RSI: BI’s Best Kept Secret?

With a new Flash-powered PM product in the offing and ETL connectivity in the can, Relational Solutions Inc. might be the best kept secret in BI.

When it comes to ETL, performance management (PM), and a host of other technology buzzwords, Relational Solutions Inc. (RSI) might be the best kept secret in the BI industry. With a dozen years of experience under its belt, a full-fledged ETL tool (complete with a point-and-click, drag-and-drop, .NET-based ETL design studio), and a new Macromedia Flash-powered PM product in the offing, RSI seems primed for success. Eventually.

RSI started out as a Cleveland-based consultancy. It still offers consulting and integration services, along with industry-specific solutions. (RSI markets a dedicated PM solution for the retail and consumer goods industries, dubbed POSmart.) Next month, however, RSI is expected to unveil its first-ever PM tool, a dashboard-like offering (instead of a dashboard, it uses an interactive "Daily Planner") called BlueSky Performance Books.

Performance Books boasts a slick, Flash-powered user interface: it organizes KPIs by tabs; displays its graphs, charts, and other indicators in a virtual notebook view (complete with a spiral ring at its center); lets users dynamically drag, shuffle, or rearrange performance indicators; supports interactive drill-down; and integrates with Microsoft Excel. Above all else, it presents users with the intelligible look and feel of the garden-variety daily planner.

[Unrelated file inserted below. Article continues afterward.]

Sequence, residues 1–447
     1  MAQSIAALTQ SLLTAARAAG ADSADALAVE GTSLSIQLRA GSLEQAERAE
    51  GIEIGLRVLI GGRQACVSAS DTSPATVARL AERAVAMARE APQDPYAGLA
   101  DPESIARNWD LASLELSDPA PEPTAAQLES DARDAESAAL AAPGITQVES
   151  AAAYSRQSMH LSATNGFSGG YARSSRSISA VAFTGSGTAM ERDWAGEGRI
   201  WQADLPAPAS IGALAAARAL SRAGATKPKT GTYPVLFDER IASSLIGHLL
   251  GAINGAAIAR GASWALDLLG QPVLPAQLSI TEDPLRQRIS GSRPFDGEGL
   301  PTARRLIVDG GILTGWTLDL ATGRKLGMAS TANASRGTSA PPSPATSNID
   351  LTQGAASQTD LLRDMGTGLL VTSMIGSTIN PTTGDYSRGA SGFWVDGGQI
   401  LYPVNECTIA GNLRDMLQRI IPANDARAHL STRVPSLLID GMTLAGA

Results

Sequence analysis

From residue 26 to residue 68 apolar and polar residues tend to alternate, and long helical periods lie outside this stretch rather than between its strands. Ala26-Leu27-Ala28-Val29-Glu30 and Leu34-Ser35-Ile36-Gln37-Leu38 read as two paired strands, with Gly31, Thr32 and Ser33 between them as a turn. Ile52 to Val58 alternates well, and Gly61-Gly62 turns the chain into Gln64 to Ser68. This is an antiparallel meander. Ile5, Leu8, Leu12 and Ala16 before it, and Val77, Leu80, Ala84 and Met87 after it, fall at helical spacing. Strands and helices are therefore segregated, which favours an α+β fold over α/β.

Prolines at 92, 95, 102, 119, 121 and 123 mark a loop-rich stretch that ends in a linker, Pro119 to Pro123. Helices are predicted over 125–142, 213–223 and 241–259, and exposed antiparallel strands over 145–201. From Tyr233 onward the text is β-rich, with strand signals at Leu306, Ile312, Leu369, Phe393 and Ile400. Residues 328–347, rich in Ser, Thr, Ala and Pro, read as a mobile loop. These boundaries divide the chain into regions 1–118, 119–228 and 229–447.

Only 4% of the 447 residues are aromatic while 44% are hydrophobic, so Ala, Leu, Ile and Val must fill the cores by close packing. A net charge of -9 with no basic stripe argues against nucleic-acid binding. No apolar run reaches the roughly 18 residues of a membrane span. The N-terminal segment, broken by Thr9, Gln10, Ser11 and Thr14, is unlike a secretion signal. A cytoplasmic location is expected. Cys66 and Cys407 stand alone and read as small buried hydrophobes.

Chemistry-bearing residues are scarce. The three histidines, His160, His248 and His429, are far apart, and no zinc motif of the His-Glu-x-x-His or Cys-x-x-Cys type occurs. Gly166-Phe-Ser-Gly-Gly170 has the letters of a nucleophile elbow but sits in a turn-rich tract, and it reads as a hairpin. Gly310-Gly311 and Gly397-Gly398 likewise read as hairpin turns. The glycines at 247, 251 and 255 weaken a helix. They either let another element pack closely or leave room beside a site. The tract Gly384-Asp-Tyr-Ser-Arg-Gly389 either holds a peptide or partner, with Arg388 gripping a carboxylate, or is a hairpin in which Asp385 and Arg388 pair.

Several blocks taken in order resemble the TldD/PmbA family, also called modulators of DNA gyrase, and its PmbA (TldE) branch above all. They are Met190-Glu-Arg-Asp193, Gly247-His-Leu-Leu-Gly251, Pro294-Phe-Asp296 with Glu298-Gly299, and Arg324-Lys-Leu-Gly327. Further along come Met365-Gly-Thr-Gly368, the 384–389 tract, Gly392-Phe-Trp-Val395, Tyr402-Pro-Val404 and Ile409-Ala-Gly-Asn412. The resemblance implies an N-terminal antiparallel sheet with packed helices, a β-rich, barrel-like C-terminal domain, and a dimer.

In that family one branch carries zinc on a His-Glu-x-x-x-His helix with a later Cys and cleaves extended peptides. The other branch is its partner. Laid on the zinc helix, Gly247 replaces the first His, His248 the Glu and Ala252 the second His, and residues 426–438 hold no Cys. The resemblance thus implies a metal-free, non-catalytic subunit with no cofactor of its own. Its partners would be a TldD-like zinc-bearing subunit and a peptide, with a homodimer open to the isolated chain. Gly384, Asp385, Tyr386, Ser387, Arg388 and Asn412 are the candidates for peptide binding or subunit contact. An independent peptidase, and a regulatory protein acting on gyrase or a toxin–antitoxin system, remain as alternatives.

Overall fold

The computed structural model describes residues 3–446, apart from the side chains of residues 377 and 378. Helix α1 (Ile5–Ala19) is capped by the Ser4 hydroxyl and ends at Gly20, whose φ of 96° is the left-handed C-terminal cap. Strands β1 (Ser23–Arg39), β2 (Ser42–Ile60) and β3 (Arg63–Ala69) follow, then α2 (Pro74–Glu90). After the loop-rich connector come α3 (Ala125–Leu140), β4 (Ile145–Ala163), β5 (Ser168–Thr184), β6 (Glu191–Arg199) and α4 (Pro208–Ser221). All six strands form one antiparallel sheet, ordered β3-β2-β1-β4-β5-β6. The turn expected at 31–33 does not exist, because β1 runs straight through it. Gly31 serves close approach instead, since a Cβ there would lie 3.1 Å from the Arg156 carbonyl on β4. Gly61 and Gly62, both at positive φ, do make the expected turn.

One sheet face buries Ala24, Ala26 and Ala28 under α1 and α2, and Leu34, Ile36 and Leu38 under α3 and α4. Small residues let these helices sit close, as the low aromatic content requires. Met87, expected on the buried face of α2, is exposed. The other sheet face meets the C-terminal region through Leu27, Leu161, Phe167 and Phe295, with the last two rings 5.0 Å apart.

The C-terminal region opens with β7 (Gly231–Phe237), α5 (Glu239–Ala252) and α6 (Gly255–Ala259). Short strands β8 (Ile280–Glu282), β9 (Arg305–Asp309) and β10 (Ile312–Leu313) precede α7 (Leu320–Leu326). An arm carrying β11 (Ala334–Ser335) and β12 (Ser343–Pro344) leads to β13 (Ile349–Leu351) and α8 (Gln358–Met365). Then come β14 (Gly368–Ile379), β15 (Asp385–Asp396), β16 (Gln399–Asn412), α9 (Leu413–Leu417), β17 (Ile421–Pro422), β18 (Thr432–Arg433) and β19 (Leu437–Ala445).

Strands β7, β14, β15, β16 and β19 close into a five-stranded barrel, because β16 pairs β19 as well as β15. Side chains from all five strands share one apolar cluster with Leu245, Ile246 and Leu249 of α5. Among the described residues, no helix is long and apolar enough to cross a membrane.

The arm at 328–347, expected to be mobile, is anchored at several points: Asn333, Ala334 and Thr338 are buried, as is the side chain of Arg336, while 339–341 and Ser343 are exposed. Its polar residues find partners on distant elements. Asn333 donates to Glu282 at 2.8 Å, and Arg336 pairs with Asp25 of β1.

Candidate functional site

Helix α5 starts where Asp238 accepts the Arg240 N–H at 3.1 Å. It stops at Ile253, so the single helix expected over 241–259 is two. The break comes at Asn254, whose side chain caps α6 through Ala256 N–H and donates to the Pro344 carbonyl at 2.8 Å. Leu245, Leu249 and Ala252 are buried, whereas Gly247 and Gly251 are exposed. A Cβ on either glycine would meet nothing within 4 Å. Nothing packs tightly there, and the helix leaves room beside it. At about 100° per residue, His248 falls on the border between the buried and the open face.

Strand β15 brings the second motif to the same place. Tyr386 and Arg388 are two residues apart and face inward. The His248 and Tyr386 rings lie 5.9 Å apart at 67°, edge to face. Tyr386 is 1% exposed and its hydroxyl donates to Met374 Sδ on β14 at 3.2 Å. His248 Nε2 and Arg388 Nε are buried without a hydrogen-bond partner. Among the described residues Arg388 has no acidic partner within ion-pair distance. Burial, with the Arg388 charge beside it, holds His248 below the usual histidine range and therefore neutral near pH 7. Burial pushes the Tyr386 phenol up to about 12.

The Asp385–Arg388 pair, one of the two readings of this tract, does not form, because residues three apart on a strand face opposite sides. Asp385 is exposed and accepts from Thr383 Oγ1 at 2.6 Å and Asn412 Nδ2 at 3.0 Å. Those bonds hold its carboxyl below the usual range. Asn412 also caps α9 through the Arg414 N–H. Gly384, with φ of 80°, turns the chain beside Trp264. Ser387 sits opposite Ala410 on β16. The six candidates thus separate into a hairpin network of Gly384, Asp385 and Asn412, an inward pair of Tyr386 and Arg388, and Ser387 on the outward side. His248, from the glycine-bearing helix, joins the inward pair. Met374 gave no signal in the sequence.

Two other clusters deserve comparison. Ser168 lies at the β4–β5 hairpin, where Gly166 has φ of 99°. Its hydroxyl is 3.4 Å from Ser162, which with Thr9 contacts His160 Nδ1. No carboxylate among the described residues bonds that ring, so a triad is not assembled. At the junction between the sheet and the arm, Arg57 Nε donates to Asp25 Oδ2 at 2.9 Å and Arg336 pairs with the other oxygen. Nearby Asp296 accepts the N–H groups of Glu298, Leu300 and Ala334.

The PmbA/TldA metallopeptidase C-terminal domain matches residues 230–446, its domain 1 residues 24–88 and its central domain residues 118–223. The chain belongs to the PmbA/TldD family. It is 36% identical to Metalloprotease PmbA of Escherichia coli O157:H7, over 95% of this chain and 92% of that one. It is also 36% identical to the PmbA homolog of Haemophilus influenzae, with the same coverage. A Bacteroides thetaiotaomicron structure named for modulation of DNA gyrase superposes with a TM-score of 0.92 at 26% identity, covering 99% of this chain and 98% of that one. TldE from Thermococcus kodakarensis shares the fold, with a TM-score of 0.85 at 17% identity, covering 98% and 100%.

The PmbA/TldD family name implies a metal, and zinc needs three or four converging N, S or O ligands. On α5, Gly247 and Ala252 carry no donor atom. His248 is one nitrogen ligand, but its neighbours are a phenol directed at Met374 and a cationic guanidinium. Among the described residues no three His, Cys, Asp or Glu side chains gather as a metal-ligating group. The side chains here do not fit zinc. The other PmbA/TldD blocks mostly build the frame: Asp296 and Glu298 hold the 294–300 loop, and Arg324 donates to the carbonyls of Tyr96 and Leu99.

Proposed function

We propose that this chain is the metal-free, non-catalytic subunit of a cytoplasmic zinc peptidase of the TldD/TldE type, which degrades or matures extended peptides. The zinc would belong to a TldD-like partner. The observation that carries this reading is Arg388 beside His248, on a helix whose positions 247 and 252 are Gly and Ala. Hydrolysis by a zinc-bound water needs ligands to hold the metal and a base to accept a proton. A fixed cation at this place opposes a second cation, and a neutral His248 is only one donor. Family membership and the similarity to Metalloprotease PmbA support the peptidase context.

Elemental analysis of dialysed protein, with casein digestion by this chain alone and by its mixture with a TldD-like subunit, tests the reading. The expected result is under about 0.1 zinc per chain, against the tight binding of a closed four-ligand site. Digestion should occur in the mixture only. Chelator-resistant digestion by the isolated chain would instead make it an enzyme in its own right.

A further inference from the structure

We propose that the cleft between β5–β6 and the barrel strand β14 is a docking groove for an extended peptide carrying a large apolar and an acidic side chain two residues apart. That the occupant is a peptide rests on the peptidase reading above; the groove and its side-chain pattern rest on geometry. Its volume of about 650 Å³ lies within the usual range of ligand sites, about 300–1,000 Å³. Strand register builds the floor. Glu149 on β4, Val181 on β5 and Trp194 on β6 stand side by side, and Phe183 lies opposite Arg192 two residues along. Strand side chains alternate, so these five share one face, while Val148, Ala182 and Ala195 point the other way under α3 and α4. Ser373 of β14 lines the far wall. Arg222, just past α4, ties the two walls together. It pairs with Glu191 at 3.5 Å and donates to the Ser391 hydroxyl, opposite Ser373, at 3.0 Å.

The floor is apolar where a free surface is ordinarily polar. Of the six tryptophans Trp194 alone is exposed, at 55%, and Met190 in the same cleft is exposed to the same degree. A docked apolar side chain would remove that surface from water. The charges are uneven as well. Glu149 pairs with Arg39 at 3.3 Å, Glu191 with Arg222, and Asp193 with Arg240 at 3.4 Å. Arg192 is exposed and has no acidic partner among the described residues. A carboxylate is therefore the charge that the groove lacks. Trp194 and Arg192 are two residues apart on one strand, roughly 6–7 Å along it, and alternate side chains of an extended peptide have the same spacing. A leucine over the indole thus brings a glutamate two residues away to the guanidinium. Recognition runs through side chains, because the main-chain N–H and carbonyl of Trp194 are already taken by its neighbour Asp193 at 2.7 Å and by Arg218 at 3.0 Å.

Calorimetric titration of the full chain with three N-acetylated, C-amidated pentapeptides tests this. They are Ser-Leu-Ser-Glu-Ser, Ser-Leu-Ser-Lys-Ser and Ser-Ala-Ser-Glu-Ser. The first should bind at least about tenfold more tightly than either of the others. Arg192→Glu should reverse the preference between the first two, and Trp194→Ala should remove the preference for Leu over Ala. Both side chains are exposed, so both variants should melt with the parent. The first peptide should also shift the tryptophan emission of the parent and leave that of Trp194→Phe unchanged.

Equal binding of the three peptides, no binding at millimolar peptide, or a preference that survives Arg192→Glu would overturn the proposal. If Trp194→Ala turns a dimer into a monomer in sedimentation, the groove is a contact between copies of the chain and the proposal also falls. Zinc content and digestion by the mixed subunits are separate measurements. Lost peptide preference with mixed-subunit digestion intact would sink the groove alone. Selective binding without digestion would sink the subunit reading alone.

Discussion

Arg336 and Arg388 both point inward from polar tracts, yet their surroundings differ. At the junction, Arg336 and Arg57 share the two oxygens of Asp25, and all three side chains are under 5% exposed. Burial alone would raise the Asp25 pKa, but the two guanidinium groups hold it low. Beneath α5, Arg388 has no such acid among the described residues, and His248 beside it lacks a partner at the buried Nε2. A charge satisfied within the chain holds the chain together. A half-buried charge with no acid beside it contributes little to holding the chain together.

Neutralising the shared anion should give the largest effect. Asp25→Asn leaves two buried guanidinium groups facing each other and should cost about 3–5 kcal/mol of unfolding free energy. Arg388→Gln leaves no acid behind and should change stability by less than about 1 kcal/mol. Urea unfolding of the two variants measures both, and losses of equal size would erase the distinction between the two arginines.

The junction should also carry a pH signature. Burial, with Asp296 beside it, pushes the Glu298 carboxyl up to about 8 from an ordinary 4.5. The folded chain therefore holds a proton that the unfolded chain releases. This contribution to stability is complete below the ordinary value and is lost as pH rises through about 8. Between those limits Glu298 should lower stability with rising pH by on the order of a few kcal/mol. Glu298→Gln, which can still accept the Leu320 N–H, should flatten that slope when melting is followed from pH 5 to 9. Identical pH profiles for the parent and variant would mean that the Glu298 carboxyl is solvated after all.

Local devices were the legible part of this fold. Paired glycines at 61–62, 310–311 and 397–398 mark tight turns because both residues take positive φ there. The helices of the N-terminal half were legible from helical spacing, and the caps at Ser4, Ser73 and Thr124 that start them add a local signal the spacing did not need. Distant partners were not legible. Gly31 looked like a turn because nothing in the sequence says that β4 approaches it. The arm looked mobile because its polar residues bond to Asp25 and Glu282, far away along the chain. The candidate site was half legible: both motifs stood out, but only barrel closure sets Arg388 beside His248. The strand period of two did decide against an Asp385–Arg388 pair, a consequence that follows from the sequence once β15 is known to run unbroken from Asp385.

Big deal, right? After all, Flash-powered PM solutions are a dime-a-dozen, these days—or so it seems, anyway. RSI officials beg to differ, however. They cite a roster of competitive differentiators—including built-in ETL connectivity—which they say will help set BlueSky Performance Books apart from the PM main.

"Performance Books can be driven from a data warehouse or a data mart, or any other data source, so I can set this up to go after an ERP system if I wanted to," says RSI co-founder and COO Janet Dorenkott. "It’s very cost-effective. You don’t need to have a massive infrastructure in place to support this, because there’s a data integration piece built right in."

Data integration comes courtesy of a canned version of BlueSky Integration Studio (BIS), RSI’s own ETL tool, which boasts native connectivity into both Oracle and SQL Server, as well as connectivity (via ODBC or similar technologies) into other data sources, too. BIS ships with a drag-and-drop ETL studio—complete with support for EDI, AS2, and other industry-specific (or esoteric) standards—which isn’t entirely replicated in Performance Books.

BIS is designed primarily for ETL or data architects, Dorenkott says, while the administrative or design features of Performance Books have been tweaked for business analysts and power users, in addition to ETL or data architects. As a result, Performance Books features a drag-and-drop connectivity facility that’s more straightforward than that which ships with BIS. The idea, says RSI co-founder and president Rob York, is to give business analysts or power users a point-and-click—largely declarative—way to create their own PM applications, complete with connectivity to common data sources.